Union dues are a fee paid by union members to support the activities and services of their labor union. The amount of union dues is typically set by the union’s governing body and approved by the membership.
Union dues are used to pay for a variety of expenses, including:
Negotiating and enforcing the union contract: Union dues help pay for the negotiation and administration of the collective bargaining agreement between the union and the employer.
Representing members in grievances: Union dues help pay for the representation of members in disputes with their employer.
Providing legal and technical assistance: Union dues help pay for the legal and technical support that unions provide to their members.
Organizing and political activities: Union dues help pay for the union’s organizing and political activities, including lobbying for laws and regulations that benefit workers.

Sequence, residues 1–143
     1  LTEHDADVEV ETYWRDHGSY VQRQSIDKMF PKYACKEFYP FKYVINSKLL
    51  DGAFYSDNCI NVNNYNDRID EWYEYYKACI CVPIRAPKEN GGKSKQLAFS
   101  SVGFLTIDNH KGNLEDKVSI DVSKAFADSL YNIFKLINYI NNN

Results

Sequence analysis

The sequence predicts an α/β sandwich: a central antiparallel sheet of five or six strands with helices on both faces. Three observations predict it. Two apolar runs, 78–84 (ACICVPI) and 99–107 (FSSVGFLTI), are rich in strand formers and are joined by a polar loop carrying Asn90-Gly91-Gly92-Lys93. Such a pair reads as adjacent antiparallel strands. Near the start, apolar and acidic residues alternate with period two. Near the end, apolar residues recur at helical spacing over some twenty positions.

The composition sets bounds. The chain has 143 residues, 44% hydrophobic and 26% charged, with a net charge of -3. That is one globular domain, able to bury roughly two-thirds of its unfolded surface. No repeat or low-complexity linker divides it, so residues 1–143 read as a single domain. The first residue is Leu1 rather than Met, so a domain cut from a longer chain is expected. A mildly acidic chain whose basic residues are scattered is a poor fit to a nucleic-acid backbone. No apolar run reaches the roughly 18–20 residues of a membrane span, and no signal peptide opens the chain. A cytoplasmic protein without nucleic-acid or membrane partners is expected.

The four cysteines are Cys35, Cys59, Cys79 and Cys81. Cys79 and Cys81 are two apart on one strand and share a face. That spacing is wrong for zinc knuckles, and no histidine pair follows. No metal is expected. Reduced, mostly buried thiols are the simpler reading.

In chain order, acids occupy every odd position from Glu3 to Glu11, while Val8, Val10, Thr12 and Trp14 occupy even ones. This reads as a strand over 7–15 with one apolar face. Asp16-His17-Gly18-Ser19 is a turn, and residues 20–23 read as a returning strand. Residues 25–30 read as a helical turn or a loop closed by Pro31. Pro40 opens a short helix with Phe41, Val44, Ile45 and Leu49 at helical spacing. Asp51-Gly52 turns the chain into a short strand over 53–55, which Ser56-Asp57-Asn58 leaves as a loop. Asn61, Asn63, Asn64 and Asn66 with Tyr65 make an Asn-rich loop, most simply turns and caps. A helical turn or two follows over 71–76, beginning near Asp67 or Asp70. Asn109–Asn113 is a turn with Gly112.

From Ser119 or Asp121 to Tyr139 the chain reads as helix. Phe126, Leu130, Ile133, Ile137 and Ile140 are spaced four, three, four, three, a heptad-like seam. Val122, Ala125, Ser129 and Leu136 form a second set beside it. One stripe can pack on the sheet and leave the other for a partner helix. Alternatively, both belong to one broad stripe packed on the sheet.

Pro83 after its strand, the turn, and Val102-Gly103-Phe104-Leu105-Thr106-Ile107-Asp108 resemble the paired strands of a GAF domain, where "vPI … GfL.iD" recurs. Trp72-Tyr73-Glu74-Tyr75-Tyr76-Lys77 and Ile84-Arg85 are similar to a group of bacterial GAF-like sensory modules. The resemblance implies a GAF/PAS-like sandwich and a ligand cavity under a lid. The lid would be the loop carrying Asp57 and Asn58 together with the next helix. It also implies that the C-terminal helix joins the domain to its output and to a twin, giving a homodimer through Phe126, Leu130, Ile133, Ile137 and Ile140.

Operating costs: Union dues help pay for the day-to-day expenses of running the union, including salaries and office expenses.
Union dues are usually calculated as a percentage of the member’s earnings, although the exact amount can vary depending on the union and the jurisdiction in which the union operates. In general, union dues are a necessary expense for workers who want to be a part of a union and to receive the benefits and protections that come with union membership.
It’s important to note that union dues are not the same as the fees associated with joining a union. Joining Fee Management may be a one-time charge for new members, while union dues are an ongoing obligation for all members.